Lincoln Ragsdale and Calvin Goode Changed Arizona for the Better
At denova Collaborative Healthcare, we strongly oppose discrimination of any form and stand with all of our patients on their healing journey, regardless of race, gender, religion, sexual orientation, socioeconomic status or political affiliation.
During Black History Month, we are mindful of how Arizona was once deemed the “Mississippi of the West” because of its extensive racial segregation. Decades later, in 1988, more than 15,000 people marched to the Arizona State Capitol in downtown Phoenix to protest the state’s refusal to recognize the federal holiday for Martin Luther King Jr. Day. Arizona finally recognized the MLK, Jr. holiday in 1992.
While there has been much progress since then, there is still more work to be done. This month, we celebrate two strong, local Black leaders and Civil Rights pioneers:
Throughout his life, Lincoln Ragsdale encountered racism, but never backed down in his fight for social justice. Despite being a Tuskegee airman during World War II, he was brutally beaten by three police officers at age 19. The Tuskegee Airmen were the first African-American military aviators in the United States Armed Forces. After being transferred to Luke Air Force Base, just west of Phoenix, he faced racism again when his white roommate slept in his car instead of the room they shared.
But those horrible and humiliating experiences combined with the injustices he saw around him drove him to work even harder to make Phoenix an inclusive city. He became an entrepreneur, owning a mortuary, an ambulance service, a real estate firm, and several insurance companies.
He served in many leadership roles, including Vice President of the Maricopa County NAACP, and he was instrumental in helping to desegregate schools in Phoenix. He was also an advocate for fair housing. At the time, Black families were barred from owning houses north of the “red line” at Van Buren Street. He and his wife viewed houses north of that at night and they enlisted the help of a white friend to purchase the house for them.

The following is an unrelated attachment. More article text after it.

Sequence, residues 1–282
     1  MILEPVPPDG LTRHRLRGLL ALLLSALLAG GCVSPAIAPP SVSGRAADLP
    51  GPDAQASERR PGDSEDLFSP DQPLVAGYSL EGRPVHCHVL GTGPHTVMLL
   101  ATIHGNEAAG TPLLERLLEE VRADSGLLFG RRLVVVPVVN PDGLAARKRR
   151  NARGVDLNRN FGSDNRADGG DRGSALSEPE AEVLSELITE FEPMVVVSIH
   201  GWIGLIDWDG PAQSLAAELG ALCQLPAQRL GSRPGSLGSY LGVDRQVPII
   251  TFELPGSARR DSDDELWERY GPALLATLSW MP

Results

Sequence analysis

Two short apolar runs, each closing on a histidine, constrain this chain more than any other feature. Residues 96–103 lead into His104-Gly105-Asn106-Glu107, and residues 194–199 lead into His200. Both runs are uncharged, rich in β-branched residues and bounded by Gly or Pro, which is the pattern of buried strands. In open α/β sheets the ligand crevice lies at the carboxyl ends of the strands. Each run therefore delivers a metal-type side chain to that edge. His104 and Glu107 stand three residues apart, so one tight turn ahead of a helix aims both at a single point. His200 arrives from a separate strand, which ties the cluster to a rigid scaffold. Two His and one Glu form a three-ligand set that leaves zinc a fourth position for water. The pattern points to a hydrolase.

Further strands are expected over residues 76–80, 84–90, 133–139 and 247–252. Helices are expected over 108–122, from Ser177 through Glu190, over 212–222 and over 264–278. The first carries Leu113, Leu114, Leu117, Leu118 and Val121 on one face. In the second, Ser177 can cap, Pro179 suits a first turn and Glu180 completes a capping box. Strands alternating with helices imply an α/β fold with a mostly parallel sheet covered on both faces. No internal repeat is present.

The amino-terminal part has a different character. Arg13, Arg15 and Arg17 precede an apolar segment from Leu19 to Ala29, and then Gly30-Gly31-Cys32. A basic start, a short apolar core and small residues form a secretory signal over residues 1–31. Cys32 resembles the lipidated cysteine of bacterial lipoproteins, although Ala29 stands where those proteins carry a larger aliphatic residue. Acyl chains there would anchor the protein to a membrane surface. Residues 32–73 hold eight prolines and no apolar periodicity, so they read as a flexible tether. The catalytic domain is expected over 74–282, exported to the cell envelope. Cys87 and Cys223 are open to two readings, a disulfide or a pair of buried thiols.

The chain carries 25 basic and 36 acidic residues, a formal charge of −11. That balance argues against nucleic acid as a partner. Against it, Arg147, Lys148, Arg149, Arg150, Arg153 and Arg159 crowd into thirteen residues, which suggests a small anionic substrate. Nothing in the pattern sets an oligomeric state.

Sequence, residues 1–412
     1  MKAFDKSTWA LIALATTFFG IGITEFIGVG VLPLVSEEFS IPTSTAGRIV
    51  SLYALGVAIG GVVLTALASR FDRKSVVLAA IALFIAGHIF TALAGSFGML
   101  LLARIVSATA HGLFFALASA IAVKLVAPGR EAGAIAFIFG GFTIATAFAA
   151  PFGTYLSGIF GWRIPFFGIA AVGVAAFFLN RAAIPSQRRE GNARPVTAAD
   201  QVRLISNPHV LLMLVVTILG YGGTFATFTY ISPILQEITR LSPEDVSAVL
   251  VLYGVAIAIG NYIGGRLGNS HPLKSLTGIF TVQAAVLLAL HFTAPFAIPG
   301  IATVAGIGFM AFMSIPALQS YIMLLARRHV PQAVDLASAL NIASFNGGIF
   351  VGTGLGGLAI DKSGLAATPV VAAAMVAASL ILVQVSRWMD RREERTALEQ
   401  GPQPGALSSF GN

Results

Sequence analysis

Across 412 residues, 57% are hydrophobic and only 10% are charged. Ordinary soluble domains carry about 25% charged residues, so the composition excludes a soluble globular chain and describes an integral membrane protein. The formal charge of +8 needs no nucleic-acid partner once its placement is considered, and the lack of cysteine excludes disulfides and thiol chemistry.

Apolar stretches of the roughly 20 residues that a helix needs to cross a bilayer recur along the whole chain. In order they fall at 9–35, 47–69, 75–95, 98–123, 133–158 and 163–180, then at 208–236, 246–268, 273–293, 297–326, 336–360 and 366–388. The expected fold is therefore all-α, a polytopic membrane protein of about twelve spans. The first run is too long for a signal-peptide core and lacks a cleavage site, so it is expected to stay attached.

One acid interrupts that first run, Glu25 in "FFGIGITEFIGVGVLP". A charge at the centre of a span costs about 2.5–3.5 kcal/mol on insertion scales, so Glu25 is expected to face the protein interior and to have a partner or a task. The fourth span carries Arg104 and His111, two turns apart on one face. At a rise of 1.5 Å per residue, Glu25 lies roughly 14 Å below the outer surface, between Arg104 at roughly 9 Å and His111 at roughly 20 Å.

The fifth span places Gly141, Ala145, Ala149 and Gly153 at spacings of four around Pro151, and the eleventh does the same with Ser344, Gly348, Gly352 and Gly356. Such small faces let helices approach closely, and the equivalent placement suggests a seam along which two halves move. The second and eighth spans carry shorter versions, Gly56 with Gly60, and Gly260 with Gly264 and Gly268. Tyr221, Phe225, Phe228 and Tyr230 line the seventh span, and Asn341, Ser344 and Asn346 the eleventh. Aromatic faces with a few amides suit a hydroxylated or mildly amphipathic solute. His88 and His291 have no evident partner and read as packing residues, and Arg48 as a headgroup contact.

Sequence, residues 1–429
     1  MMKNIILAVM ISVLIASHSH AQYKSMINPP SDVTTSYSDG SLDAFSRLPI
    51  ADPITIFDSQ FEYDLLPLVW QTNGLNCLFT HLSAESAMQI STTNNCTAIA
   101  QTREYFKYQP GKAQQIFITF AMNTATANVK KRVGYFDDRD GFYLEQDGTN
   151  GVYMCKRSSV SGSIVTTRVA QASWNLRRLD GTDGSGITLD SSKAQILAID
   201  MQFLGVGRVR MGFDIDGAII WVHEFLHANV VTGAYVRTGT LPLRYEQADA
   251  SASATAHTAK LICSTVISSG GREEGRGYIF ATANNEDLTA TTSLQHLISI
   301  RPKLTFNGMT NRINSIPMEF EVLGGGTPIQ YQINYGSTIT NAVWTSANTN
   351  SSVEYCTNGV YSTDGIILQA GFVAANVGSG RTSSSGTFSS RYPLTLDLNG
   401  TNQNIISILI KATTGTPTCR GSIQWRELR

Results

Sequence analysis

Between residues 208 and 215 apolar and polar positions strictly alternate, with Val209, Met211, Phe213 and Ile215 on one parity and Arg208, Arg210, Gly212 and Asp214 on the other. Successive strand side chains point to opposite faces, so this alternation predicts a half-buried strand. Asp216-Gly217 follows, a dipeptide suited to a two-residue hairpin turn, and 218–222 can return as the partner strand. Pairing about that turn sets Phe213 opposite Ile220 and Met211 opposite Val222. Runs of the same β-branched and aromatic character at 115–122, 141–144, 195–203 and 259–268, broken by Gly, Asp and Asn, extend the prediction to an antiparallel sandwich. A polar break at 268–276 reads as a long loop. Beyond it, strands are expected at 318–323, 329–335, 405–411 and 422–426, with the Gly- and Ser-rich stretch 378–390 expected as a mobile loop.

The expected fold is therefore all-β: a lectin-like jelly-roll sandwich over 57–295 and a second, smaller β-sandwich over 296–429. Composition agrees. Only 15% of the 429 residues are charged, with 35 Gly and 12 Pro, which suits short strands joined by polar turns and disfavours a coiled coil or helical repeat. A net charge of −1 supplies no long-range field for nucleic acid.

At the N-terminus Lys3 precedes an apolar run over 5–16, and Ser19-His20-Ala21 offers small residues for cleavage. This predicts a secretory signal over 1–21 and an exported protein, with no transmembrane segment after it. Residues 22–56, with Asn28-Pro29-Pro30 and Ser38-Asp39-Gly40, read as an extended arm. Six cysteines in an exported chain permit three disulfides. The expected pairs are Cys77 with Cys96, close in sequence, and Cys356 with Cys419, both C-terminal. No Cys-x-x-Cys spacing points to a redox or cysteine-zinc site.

Ragsdale helped organize marches and sit-ins, and he was a strong force in helping to convince the Phoenix City Council to pass a public accommodations law in 1964, which outlawed racial discrimination.
Calvin C. Goode
Arizona lost a great Civil Rights icon in late December 2020 when Calvin C. Goode passed away at the age of 93.
Goode was the second Black councilmember for the city of Phoenix and the longest-tenured elected official in its history, serving on the Phoenix City Council from Jan. 2, 1972 until Jan. 3, 1994.
Honored as an Arizona Historymaker in 2003, Goode grew up at a time when Blacks were not allowed to eat in many restaurants, schools were segregated, and jobs and housing were restricted. Later in his life, he worked as an accountant for Phoenix Union High School District and also ran a tax accounting business, Calvin Goode & Associates.
A soft-spoken man of faith, Goode was often called the “Conscience of Council” because he posed tough questions and pushed for improvements in neglected parts of the community. To commemorate his years of service to the city, the Calvin C. Goode Phoenix Municipal Building was named in his honor.
While these two great leaders made tremendous progress and inspired others to follow their lead, it’s clear that more hard work must be done. Our team at denova is grateful for brave leaders like Lincoln Ragsdale and Calvin C. Goode, and we will always keep them in mind as we continue to advocate for health equity.